Karina Brill, 36, was charged Sunday with murdering her two children, Igor, 7, and Mira, 5, on September 16.
Brill, a recent immigrant from the former Soviet Union, reportedly worked in the International Library in Moscow before immigrating. The children's father, a jazz musician, did not immigrate to Israel with Brill, nor did her parents.
According to the prosecuting attorney, Brill had been violent toward her son in August, leaving a bruise on his neck. The child's counselor in the summer ulpan (Hebrew academy) noticed the bruise, and the boy told her it was inflicted by his mother.
The counselor asked Karina Brill if this was true and she admitted hurting Igor, and asked for help from the social services. Social services began to get involved in her case but on Rosh Hashana (Jewish New Year), she apparently tried to commit suicide by cutting her neck with a knife.
During Yom Kippur, Karina Brill and her two children were the guests of a female friend of hers in Jerusalem, whose name is Gali. Brill showed the friend the cut on her neck and said, “Look what I did to myself.” Gali informed the social services in the neighborhood where she lives, Baka-Talpiyot, who coordinated a meeting with her. Brill was upset with Gali, and voiced fear that her children would be taken from her.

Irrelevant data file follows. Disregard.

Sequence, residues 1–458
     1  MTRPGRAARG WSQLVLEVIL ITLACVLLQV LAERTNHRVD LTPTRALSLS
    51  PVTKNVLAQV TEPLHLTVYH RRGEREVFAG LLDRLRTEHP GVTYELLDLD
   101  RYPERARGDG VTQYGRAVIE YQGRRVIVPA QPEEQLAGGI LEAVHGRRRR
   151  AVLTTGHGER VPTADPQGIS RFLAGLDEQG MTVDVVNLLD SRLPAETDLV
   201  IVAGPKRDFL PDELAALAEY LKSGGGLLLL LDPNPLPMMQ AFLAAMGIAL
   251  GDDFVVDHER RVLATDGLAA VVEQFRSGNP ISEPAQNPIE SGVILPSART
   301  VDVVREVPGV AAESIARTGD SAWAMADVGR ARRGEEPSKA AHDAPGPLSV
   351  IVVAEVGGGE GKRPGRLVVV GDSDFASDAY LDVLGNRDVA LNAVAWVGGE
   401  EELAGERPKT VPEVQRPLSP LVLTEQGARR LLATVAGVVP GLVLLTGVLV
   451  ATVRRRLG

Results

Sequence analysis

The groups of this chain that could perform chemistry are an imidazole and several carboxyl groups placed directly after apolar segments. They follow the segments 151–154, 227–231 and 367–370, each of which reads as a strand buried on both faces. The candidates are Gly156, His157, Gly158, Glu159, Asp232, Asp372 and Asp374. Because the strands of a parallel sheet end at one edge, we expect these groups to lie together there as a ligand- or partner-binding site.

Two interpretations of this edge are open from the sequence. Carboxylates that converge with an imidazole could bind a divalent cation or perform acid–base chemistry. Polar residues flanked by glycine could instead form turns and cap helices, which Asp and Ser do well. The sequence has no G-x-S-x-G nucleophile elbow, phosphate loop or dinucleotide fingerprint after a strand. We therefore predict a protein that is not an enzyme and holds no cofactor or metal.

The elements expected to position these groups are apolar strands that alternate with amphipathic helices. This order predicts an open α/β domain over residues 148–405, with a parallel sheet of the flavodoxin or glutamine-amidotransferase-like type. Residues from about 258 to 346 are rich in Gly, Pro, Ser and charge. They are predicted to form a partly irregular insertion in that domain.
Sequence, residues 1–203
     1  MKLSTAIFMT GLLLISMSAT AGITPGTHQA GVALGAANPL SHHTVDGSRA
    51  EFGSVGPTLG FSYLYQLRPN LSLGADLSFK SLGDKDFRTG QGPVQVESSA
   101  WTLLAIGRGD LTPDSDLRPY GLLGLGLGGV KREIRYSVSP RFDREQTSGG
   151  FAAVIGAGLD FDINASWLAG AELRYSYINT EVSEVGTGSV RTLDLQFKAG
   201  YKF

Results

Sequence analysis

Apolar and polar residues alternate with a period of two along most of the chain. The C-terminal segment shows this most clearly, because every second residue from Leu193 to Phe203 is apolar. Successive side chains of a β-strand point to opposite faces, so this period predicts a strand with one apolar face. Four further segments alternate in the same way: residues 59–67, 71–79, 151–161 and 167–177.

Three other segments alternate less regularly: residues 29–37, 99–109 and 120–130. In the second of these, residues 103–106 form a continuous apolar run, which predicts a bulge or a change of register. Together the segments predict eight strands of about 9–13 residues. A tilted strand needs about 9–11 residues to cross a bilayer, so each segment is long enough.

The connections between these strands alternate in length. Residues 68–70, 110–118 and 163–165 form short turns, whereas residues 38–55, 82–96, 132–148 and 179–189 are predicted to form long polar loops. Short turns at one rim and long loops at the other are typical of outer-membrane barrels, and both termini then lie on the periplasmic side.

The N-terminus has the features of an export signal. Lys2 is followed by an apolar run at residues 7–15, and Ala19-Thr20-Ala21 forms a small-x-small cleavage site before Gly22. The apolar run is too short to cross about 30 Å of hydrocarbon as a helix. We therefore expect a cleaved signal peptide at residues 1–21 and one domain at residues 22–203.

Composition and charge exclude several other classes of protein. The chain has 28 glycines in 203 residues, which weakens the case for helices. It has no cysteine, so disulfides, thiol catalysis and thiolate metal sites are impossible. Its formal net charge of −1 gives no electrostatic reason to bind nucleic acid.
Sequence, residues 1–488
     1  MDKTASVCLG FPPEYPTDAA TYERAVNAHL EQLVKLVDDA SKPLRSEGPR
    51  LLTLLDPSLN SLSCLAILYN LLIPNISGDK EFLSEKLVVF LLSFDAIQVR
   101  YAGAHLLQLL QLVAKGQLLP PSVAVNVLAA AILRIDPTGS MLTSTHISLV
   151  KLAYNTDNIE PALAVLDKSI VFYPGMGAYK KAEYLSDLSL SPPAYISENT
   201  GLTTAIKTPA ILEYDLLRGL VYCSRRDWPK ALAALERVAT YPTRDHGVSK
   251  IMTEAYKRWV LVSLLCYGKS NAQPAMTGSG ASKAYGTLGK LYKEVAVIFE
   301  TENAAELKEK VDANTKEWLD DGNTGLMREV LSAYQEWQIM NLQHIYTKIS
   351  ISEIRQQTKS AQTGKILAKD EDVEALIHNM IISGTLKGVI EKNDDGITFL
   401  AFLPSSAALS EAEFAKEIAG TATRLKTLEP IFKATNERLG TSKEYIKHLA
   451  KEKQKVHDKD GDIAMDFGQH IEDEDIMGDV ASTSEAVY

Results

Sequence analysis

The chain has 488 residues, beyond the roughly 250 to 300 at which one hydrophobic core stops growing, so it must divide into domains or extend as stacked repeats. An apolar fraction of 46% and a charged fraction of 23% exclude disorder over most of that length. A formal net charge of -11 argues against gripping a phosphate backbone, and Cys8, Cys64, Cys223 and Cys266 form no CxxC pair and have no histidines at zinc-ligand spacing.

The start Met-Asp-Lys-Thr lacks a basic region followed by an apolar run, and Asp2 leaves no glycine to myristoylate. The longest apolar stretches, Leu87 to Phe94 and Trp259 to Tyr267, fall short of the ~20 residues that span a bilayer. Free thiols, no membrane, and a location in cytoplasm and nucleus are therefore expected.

Karina returned to her apartment and her sister, Nadia, slept over. She told Nadia that she would not let anyone take her children away from her and that she would hurt them herself.
The next morning, on September 16, she decided to murder her children and commit suicide. She took a large kitchen knife, slit her wrists and went to the room where the children slept in a bunk bed, where she stabbed them and then cut her own throat.
The sister, Nadia, tried to pull the girl, Mira, out of the apartment, but lost her grip on her and wound up getting locked out herself. Karina stabbed her children again. They lost large amounts of blood and succumbed to their wounds.
The prosecution asked to keep Karina in jail until the end of the legal proceedings against her, and said that she “was able to think and understand the results of her deeds.”
Even if Brill is convicted of murder, it is unlikely that the conviction will stand for long. According to a study by Dr. Yoav Mazeh of the Ono Academy, women who have been convicted of murdering their spouses or children in Israel in recent decades have all had the conviction amended to manslaughter by the High Court.
The same rule does not hold true for men convicted of these crimes, says Dr. Mazeh.